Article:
Compare any two graphics cards:
Radeon HD 5850 vs Radeon HD 7850
IntroThe Radeon HD 5850 comes with a clock frequency of 725 MHz and a GDDR5 memory speed of 1000 MHz. It also features a 256-bit bus, and makes use of a 40 nm design. It is comprised of 1440(288x5) SPUs, 72 TAUs, and 32 Raster Operation Units.
Compare those specifications to the Radeon HD 7850, which uses a 28 nm design. AMD has clocked the core speed at 860 MHz. The GDDR5 memory runs at a speed of 1200 MHz on this card. It features 1024 SPUs as well as 64 TAUs and 32 ROPs.
(No game benchmarks for this combination yet.)
Power Usage and Theoretical Benchmarks
Power Consumption (Max TDP)
In theory, the Radeon HD 7850 will be 20% quicker than the Radeon HD 5850 in general, due to its greater data rate. (explain)
Texel RateThe Radeon HD 7850 is just a bit (approximately 5%) more effective at AF than the Radeon HD 5850. (explain)
Pixel RateThe Radeon HD 7850 will be a bit (more or less 19%) better at FSAA than the Radeon HD 5850, and also able to handle higher screen resolutions better. (explain)
Please note that the above 'benchmarks' are all just theoretical - the results were calculated based on the card's specifications, and real-world performance may (and probably will) vary at least a bit.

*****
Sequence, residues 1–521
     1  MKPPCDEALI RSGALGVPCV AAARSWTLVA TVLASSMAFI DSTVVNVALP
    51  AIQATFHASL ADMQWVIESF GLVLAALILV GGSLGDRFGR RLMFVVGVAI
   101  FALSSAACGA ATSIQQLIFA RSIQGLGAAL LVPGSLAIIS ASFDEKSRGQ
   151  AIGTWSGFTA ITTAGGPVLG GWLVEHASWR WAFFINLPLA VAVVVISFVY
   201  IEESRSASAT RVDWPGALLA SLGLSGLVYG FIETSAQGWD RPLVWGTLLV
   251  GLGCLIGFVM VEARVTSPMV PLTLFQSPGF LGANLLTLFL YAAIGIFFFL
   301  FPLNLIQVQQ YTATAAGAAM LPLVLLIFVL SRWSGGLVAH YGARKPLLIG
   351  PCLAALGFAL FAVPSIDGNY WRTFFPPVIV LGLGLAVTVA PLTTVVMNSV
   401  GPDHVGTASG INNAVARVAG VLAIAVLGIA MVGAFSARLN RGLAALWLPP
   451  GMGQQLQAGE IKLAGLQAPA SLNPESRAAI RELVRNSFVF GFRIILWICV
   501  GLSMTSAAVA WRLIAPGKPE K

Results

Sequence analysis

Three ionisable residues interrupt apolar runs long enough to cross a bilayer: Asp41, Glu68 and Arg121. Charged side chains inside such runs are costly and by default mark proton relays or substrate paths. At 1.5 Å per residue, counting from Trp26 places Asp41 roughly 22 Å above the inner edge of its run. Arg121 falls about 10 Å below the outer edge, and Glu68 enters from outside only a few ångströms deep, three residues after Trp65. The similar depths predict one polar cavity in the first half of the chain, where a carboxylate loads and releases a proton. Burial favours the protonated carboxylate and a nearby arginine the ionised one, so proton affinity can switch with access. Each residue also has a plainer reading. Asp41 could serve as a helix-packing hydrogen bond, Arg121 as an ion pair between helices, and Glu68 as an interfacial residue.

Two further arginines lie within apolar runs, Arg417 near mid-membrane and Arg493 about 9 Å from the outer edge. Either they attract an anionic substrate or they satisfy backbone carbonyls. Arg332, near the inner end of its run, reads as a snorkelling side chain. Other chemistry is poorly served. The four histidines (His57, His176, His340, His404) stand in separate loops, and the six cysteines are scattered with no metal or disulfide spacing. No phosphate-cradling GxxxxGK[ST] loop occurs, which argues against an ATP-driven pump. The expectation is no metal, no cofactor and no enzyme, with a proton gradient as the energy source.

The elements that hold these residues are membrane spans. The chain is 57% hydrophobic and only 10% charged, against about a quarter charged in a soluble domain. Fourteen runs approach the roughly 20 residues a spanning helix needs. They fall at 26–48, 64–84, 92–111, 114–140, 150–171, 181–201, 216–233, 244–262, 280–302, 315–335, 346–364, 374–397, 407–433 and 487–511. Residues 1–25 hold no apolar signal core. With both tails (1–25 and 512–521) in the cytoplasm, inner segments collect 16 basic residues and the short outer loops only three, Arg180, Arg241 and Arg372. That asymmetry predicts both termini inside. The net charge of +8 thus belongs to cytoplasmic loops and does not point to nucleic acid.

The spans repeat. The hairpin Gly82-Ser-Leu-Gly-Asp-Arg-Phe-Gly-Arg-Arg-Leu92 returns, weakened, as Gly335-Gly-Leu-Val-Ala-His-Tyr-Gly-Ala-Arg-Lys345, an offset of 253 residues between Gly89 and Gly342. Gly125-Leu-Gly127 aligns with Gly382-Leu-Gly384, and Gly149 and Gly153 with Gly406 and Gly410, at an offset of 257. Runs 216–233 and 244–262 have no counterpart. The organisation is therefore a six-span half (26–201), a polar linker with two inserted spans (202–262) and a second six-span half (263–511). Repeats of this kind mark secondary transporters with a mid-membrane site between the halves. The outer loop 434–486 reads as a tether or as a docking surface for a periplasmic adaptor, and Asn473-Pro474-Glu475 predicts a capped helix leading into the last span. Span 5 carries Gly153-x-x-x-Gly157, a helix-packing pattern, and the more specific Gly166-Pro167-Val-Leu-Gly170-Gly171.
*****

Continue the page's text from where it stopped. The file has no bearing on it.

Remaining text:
Please note that the price comparisons are based on search keywords - sometimes it might show cards with very similar names that are not exactly the same as the one chosen in the comparison. We do try to filter out the wrong results as best we can, though.
Memory Bandwidth: Memory bandwidth is the max amount of information (counted in MB per second) that can be moved over the external memory interface in a second. It's worked out by multiplying the card's interface width by its memory speed. If the card has DDR memory, the result should be multiplied by 2 once again. If DDR5, multiply by 4 instead. The better the card's memory bandwidth, the better the card will be in general. It especially helps with AA, High Dynamic Range and high resolutions.
Texel Rate: Texel rate is the maximum amount of texture map elements (texels) that are applied per second. This figure is worked out by multiplying the total number of texture units of the card by the core clock speed of the chip. The higher the texel rate, the better the video card will be at handling texture filtering (anisotropic filtering - AF). It is measured in millions of texels in a second.
Pixel Rate: Pixel rate is the maximum amount of pixels the graphics card can possibly record to the local memory in one second - measured in millions of pixels per second. The number is worked out by multiplying the number of Raster Operations Pipelines by the the card's clock speed. ROPs (Raster Operations Pipelines - aka Render Output Units) are responsible for drawing the pixels (image) on the screen. The actual pixel rate is also dependant on quite a few other factors, most notably the memory bandwidth - the lower the bandwidth is, the lower the potential to get to the max fill rate.